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Friday, October 2, 2009

Sociology Now: The Essentials, Books a la Carte Plus MySocLab Pegasus

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Sociology Now reflects the discipline today and explores the big questions about multiculturalism and globalization that sociologists ask.


Sociology has always offered a way to make sense of the complex and sometimes contradictory forces that shape our social lives in any era. As Sociology Now explains sociology as both a body of knowledge and a "way of seeing," it shows how two such forces in particular have come to preoccupy sociologists and influence the way they look at the events and experiences of the early twenty first century:


The first is globalization--the economic, political, cultural, and social interconnections among people and institutions all over the world.


The second is multiculturalism--the recognition that race, ethnicity, class, gender, sexuality, religion, and other statuses are sources of social inequality, but also the foundations of our identities.


Michael Kimmel, a leading sociologist and gender researcher, and co-author Amy Aronson, a journalist and media scholar, address these questions head-on as they make a compelling case for the importance of sociology in the contemporary world.


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Customer Buzz
 "Sociology book" 2009-06-30
By Lisa Skaanning (Council Bluffs, Ia)
I purchased this book for $40.00, and when I recieved it, on the front cover it says "free issue for professors to review and consider adopting" why did I pay for someone else's free book?

Customer Buzz
 "Well....there has got to be an easier way to learn Sociology." 2008-10-14
By W. Jenkins
You have to read each chapter word for word, or you will not gather enough information to understand the concepts. Explanations and examples are not precise. I'm sure there is an easier way to learn this subject. I would not recommend it.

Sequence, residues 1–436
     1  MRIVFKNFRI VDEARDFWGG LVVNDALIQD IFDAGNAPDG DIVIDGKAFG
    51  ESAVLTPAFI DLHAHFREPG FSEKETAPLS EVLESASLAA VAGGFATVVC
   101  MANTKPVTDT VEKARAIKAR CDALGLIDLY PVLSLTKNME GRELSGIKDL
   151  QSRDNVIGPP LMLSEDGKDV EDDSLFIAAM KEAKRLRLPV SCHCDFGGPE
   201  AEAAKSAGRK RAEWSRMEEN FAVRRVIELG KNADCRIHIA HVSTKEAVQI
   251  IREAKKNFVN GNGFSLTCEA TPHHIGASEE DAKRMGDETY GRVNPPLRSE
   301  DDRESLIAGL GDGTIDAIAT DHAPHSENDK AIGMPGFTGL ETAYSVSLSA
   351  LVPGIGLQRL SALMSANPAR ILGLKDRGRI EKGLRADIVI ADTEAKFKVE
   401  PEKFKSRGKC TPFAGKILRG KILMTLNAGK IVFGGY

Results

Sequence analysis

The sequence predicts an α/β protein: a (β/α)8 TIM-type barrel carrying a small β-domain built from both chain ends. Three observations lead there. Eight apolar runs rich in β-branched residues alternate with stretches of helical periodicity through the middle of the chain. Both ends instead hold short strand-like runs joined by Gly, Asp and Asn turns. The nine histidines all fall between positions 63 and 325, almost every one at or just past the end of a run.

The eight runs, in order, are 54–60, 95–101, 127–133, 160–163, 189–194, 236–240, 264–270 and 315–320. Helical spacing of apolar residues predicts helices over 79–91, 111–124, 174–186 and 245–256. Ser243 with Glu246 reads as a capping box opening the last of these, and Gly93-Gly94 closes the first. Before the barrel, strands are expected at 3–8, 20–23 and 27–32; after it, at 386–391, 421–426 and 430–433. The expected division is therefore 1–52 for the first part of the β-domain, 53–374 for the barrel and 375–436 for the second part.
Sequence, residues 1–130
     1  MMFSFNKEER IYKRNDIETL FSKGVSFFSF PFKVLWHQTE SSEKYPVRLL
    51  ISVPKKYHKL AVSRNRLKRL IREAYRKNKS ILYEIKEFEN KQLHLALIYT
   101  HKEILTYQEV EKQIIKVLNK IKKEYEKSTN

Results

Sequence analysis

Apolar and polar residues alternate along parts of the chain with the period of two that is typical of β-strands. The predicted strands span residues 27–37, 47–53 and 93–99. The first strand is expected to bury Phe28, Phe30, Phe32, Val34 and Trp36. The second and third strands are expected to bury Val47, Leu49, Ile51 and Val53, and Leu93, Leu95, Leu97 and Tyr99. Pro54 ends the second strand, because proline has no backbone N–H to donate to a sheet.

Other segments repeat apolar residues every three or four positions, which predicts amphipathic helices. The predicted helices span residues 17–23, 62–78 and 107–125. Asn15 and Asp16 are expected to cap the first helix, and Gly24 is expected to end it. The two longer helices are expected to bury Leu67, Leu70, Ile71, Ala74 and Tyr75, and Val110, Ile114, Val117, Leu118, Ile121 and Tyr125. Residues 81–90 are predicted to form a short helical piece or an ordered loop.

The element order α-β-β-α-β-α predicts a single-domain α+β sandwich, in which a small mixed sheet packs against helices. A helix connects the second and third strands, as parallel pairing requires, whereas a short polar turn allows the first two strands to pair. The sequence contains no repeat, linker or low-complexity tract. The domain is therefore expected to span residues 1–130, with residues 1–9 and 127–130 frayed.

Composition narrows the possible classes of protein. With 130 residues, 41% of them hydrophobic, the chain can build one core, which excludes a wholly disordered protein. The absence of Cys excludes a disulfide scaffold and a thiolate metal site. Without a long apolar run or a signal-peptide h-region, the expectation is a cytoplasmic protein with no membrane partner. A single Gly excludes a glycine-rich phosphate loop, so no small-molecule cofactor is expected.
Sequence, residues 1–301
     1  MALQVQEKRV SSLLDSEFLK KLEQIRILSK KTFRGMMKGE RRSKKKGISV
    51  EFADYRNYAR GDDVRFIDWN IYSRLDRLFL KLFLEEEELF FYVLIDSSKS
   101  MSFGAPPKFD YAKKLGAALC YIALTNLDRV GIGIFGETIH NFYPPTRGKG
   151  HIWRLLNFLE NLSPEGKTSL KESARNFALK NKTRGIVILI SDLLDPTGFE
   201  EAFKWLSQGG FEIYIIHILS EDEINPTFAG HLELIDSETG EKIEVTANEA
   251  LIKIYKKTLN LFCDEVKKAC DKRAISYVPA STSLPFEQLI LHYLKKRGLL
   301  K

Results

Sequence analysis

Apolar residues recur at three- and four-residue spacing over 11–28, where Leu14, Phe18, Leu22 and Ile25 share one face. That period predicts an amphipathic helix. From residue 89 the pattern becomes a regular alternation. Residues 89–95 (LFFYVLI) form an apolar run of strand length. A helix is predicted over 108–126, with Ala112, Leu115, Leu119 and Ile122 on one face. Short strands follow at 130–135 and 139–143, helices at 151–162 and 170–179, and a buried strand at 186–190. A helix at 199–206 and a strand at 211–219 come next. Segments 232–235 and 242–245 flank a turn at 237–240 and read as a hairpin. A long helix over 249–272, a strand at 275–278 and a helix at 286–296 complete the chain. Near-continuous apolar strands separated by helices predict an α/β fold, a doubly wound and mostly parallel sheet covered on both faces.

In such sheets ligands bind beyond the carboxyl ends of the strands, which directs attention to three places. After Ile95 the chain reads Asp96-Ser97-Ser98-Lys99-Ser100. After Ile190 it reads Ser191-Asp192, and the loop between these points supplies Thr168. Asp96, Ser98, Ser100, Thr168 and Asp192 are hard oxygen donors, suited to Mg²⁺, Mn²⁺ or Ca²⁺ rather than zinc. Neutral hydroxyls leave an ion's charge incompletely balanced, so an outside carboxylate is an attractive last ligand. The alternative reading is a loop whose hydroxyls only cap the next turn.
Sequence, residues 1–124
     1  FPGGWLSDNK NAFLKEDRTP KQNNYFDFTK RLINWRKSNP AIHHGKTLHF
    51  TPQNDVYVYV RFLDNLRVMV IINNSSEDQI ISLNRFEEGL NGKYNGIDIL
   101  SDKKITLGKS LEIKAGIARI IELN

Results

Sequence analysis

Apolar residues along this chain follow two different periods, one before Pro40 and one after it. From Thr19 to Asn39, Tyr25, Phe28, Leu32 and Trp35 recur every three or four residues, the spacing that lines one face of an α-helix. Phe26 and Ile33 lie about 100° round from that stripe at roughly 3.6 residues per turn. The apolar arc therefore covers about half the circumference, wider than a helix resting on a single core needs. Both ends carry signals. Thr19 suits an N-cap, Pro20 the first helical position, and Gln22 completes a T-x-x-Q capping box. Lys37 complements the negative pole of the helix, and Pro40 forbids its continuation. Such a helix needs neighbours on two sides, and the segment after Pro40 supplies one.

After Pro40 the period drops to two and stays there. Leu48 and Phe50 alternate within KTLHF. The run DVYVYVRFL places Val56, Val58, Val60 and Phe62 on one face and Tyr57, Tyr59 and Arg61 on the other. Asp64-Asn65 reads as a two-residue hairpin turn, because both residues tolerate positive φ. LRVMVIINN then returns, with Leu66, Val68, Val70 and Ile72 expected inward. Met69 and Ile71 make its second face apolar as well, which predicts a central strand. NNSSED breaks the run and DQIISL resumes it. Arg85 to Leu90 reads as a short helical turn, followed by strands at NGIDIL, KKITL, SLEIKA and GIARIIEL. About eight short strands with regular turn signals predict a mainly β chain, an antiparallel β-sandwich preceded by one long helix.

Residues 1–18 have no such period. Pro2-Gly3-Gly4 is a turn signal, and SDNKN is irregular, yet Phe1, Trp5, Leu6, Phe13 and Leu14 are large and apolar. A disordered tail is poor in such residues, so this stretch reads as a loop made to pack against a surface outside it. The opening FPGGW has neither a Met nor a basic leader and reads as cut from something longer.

Customer Buzz
 "Very Biased" 2008-09-30
By Jessica Hill (Las Vegas, NV USA)
I am a college student in Nevada and I have this book as the main text for my sociology class. Although this book is colorful, up-to-date, and slightly entertaining, it suffers from rank biases. The authors, especially Dr. Michael Kimmel, are very feminist, hate the so-called "heterosexual, white male" among other things and seem to have a problem with presenting sociology without an implicit ideological slant. Should these people even be writing a textbook? The goal of a textbook is to provide information so the student can come to conclusions on his/her own, not to sneak in a socio-political perspective in the back door. Regardless of the authors political opinions, they should have at least attempted to hide their biases so not to alienate their readers because everyone has DIFFERENT BELIEFS, we are not a monolithic species.

All I ask is just some level of objectivity because it is very annoying to read opinions presented as facts, regardless of political persuasion. Whether or not a person believes that all the world's problems are caused by heterosexuals, Christians, whites, or men, this should not be presented as FACT because at the end of the day it is just an opinion. It should not make it into an "objective" textbook. ~Jessica

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